Editor's Note: Learn from a panel of experts and entrepreneurs who have successfully financed their own ventures and are helping others do it at the Thought Leaders Live 2013 event May 29, in Long Beach, Calif. Event and ticket information can be found here.
Baltimore-based web developer Brian Razzaque knew he wanted to create a platform that would facilitate social media marketing for companies, but he was vague on the details. His "aha" moment came when an employee asked to be notified each time Razzaque posted something to the company blog; the staffer would read the post, then share it with his social network. That was when Razzaque realized that satisfied customers, employees and vendors with a strong affinity to a brand will happily disseminate content among their social peers--if it is handed to them in a convenient, shareable way. SocialToaster was born.
Unlike traditional social media marketing that relies on fans to discover and make the effort to spread a brand's message, SocialToaster allows companies "to leverage the mass reach of their supporters by pushing their message out so their content has a better chance to go viral," Razzaque says.
Here's how it works: A company's Facebook fans or members of its e-mail database are invited to join the brand's SocialToaster platform. Those who sign on--often enticed by rewards such as tickets or swag--receive an e-mail whenever the brand has something to promote. With one click, these influencers can share the content with their friends across their selected social networks. On the client side, companies can use SocialToaster's dashboard to track the effectiveness of each campaign on a granular level, identifying the messaging that resonates best among their top ambassadors.
Clients ranging from pro basketball's Detroit Pistons to pro football's Indianapolis Colts to mortgage lender Quicken Loans have seen solid returns. SocialToaster claims that 40 to 60 percent of the average customer's social media content is shared. Companies pay $379 and up per month for the service, depending on the number of brand ambassadors sharing their content.
Yet Razzaque knew he needed cash to build a product that could handle the needs of major clients. In 2011, while whittling through $500,000 from a silent seed investor, he went after several dozen potential backers in New York City, Boston and Silicon Valley. Money-wise, his road trips were a bust, but he did collect valuable feedback on his business model (simplify the pricing) and sales pitch (talk about the number of active fans SocialToaster can leverage, not the amount of content shared).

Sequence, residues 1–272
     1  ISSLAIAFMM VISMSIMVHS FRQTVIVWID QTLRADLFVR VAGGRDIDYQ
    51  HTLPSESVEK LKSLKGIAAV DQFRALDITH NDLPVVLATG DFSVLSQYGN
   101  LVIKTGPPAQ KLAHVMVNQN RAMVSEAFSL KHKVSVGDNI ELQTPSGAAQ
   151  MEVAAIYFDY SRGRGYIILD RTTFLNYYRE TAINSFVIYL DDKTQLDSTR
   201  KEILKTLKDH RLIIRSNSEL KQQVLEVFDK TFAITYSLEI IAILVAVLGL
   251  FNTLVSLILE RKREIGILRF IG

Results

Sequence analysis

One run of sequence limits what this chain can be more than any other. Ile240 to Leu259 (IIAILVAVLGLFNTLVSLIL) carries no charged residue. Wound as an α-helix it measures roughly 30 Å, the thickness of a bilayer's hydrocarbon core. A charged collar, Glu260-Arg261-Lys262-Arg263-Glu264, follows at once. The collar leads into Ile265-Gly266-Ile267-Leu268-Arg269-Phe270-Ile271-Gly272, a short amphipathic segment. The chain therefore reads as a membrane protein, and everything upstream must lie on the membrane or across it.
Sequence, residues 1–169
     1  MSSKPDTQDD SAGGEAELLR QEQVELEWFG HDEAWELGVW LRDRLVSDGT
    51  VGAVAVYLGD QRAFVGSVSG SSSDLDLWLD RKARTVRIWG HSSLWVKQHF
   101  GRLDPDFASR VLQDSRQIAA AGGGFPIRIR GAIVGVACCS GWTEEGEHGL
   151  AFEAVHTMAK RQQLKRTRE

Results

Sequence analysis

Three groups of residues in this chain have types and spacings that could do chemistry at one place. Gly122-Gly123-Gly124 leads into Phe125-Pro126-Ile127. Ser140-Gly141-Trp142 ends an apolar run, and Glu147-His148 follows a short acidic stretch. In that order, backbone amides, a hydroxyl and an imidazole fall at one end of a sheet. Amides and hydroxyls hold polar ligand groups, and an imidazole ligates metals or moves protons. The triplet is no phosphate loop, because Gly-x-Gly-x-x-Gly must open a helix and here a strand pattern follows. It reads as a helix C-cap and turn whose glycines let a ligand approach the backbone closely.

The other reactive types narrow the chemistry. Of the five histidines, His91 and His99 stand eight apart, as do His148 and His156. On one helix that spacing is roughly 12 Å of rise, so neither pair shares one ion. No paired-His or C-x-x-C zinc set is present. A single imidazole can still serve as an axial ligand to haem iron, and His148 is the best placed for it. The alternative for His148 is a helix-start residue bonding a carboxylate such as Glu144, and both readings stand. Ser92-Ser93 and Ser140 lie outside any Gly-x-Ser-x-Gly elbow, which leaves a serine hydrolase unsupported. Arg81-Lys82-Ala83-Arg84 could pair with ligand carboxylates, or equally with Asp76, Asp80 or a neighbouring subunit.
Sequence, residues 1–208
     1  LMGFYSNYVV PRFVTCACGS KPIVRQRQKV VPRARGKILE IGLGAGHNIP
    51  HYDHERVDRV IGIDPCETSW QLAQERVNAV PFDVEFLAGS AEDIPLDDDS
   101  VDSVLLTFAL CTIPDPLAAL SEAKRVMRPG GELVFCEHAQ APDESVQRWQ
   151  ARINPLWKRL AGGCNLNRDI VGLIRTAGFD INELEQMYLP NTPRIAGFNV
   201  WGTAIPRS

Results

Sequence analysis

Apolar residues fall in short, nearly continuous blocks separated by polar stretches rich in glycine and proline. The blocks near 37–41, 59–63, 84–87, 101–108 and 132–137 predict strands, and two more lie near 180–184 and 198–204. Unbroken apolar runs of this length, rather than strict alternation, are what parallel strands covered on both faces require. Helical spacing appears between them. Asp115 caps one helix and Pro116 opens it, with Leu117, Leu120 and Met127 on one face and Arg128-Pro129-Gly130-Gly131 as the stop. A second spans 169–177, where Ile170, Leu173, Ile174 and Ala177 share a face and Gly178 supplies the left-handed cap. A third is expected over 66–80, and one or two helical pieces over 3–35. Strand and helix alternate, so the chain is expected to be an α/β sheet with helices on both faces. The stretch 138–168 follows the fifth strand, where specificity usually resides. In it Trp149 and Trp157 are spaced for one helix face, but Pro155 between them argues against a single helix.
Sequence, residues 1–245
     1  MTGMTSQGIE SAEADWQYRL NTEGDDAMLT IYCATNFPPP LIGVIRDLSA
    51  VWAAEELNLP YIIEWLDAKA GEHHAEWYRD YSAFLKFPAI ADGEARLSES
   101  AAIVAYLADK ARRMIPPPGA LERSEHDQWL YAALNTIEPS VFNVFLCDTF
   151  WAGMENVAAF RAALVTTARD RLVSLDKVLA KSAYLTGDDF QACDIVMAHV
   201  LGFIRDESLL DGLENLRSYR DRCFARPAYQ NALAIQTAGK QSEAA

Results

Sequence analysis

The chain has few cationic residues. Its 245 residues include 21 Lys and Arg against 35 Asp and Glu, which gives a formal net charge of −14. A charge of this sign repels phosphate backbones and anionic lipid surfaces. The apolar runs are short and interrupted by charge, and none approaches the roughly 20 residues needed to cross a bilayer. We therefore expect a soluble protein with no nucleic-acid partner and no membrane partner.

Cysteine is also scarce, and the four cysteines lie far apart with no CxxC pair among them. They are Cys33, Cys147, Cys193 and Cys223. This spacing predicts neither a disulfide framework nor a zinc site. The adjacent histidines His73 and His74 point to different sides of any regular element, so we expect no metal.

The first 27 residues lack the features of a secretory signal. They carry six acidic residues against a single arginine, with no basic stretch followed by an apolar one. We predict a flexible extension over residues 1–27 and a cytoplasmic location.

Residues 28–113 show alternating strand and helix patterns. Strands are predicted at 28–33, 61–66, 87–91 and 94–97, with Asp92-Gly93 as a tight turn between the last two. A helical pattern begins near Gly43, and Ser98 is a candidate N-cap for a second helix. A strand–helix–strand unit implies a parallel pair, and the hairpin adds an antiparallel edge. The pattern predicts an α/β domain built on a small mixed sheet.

In the end, he didn't need to go far to find help. Last summer he closed a nearly $2 million round of Series A funding led by Blu Venture Investors, located just down I-95 in Vienna, Va.
"SocialToaster had already signed up a number of enterprise customers who all commented on how easy it was to implement the platform and how they loved the ability to leverage their fan base to get their message out," says Blu Venture founding member Paul Silber. "And we believe that SocialToaster can quickly grow to be an internationally recognized brand."
For Razzaque, finding a backer close to home was a testament to his product's sensible business model and staying power. He explains that investors in the region focus on business fundamentals: revenue, number of customers and profitability, whereas Silicon Valley will gamble on the potential of a tech business model, looking at the number of new customers and growth rate. Put another way, Razzaque's existing revenue stream wasn't sexy enough for the Valley, but it was a perfect fit for the mid-Atlantic investment scene.
Razzaque has already put the money to use, expanding SocialToaster's sales, marketing and customer service teams as he takes his message to even larger companies. "All we do is ask brands' superfans to amplify their marketing efforts," he says. "It's as easy as toast."